Cutter bits are best ground up from HSS, the interrupted cuts typical of flycutting is not very kind to carbide tipped tools and they will likely chip. Having said that, I frequently use carbide tipped cutters on cast iron, and the incidence of broken tips is very low. I made the two simple cutter holders shown at the beginning of this section and they are used for 90% of the flycutting I do. For very large castings I use a tool mounted in a holder bolted to the catch plate (or it can be mounted on even the largest faceplate). The method is clearly shown in the photo below:

Cutter and holder mounted on a catchplate.


An improvement over the single point tool is to mount two tools 180 degrees apart, with one tool sweeping a fractionally wider arc, and the other cutting 10 thou deeper. This way, the speed of metal removal is virtually doubled. Commercial 'facing cutters' for the mill are no more than multi-tooth flycutters, often using 3 or 4 inserted bits.

Flycutting a large casting.


8.6 Gear cutting

Gear cutting is a specialised form of milling, and the lathe is quite suited to this job for smaller work (6" diameter or so). There are two basic methods involved. The work may be clamped in the chuck and some form of headstock dividing utilised for the purpose of indexing the work around (perhaps making use of changewheels, or a more sophisticated device like the Headstock Dividing Attachment designed by Geo. H. Thomas), the actual tooth profiling being done with a cutter (either commercial multi-tooth or home-made single tooth form tool) held in a milling spindle. The alternative is to mount the gear blank onto a stand-alone dividing head, such as the Myford or the Versatile Dividing Head (again designed by Geo. H. Thomas), with the cutter mounted in the headstock chuck or (better) a collet chuck. Gear cutting is a fundamental aspect of clock making, and many specialised tools have been developed as a result. Some of these tools associated with horology (such as the gear-cutting frame) are also of more general interest to model engineers for small scale work. However, the person making a 3" scale Burrell is going to need something a bit more substantial!

Cutting a gear with a multi-tooth cutter mounted between centers.


This is another important use for flycutters in the home workshop. Commercial multi-tooth gear cutters are expensive, and to cover a useful range of gear sizes demands the purchase of a large number of them. Fine if you are in the gear cutting business, but if it's simply a matter of producing a set of gears for a traction engine the amount of use will probably not justify the high cost. It would be cheaper to buy the gears ready made. Clock makers on the other hand frequently make use of small gears for every job and their purchase may be a more realistic proposition. However, despite the large amount of work involved it is still quite common for keen horologists to make their own set of cutters. For the infrequent user one way out is to cut or grind a single tooth cutter of exact form and size and use this to cut the gear teeth. There are many methods of producing the form tool, a gear wheel with flat teeth and square bottom will need a simple tool which can be ground on a tool and cutter grinder (or the bench grinder with the aid of a jig). For cycloidal gears it is necessary to make a form tool to make the form tool! The process involves making the first form tool consisting of two discs of hardened silver steel held side by side which is then fed into the work to produce the correct shape for the final form tool. A similar method is used with a circular blank to produce multi-tooth cutters, but additional processes are involved where the blank is set eccentrically on a stub mandrel to provide relief to each cutting edge - this process being repeated for each tooth of the cutter. For the simple single-tooth cutter a rectangular piece of silver steel is simply set in the 4-jaw slightly above-centre (in the longitudinal axis), the back-relief so produced serves the same purpose. The process of generating cutters in this way requires careful setting up and adherence to precise dimensions, and tables of data are available to help. For those interested in producing their own cutters several books are available, and perhaps 'Gears and Gearcutting' by Tubal Cain (TEE Publishing) is one of the best known and can be recommended. continued.......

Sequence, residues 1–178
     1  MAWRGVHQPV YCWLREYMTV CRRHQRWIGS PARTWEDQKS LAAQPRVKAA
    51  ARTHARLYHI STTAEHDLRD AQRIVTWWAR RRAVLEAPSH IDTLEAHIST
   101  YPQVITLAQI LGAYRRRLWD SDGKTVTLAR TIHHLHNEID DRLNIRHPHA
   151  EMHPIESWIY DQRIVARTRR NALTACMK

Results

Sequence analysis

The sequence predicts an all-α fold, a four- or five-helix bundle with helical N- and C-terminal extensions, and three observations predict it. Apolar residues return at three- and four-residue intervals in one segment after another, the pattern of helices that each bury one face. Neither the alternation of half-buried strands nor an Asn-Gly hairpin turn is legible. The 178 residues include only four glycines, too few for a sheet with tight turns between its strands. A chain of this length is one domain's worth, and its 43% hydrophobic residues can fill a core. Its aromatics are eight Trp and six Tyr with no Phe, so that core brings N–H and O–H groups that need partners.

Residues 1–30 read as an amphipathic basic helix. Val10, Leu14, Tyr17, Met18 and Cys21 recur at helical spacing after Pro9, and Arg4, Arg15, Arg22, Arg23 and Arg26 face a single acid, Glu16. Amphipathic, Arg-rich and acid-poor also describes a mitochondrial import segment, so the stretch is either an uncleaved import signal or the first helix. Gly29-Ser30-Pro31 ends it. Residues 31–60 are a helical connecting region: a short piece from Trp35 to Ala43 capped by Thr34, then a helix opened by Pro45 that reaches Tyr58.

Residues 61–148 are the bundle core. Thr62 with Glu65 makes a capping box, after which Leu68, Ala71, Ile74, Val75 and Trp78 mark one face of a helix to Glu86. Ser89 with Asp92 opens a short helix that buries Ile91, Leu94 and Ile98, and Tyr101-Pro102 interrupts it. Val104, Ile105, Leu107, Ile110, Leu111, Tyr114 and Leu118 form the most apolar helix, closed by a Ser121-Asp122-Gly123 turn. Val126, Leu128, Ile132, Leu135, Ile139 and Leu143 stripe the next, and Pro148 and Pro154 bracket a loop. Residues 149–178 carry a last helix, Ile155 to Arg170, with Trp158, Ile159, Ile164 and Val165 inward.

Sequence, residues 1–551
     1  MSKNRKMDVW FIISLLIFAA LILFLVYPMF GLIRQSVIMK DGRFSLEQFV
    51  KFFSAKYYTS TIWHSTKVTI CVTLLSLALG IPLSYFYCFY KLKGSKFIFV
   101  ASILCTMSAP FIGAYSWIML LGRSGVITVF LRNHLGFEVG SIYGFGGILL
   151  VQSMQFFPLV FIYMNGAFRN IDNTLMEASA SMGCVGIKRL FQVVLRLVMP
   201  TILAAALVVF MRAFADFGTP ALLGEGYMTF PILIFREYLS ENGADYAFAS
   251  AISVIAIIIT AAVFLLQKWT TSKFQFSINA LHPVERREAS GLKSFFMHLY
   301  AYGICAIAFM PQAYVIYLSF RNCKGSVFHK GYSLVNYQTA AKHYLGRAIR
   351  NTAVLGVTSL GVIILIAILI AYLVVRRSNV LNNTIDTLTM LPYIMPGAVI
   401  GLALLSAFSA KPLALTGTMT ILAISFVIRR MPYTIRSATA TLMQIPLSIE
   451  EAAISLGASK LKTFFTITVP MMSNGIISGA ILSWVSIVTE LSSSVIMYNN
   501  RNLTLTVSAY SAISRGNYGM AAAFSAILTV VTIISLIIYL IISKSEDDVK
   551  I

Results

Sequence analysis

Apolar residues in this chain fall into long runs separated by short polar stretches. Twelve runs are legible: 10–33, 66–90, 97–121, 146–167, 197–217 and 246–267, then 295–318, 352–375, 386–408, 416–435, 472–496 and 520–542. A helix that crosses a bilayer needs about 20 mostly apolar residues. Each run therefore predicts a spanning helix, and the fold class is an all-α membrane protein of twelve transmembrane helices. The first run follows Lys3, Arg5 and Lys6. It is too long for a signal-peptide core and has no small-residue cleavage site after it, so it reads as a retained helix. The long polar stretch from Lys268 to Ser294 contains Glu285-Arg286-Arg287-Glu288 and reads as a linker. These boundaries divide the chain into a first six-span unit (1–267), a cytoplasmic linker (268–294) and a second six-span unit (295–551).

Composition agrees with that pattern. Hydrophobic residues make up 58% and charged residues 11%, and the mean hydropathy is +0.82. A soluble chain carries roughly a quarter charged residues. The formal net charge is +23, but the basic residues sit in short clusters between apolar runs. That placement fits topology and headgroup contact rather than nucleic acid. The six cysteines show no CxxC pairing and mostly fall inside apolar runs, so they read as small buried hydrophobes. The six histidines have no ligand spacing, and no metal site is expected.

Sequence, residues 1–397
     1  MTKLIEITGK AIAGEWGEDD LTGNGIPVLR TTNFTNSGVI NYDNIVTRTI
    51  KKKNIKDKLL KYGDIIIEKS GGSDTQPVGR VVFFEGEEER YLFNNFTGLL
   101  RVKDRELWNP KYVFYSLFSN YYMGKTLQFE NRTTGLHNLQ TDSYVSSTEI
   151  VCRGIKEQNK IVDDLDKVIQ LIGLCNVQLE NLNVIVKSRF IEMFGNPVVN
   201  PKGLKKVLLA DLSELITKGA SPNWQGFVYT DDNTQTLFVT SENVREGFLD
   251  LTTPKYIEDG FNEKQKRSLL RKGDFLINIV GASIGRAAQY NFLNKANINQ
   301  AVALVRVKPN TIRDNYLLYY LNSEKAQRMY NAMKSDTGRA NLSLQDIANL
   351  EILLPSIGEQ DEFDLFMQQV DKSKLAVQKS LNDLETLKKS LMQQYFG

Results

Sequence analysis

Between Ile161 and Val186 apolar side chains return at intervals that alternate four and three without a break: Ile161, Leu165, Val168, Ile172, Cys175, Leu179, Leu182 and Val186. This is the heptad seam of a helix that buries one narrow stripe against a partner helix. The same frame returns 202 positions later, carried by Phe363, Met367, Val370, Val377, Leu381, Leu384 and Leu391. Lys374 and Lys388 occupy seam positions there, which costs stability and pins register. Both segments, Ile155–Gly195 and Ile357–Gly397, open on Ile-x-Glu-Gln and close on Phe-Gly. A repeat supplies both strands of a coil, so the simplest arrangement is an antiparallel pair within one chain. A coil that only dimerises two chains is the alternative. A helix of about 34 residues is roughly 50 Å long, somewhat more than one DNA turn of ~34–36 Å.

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(c) Chris Heapy 1996.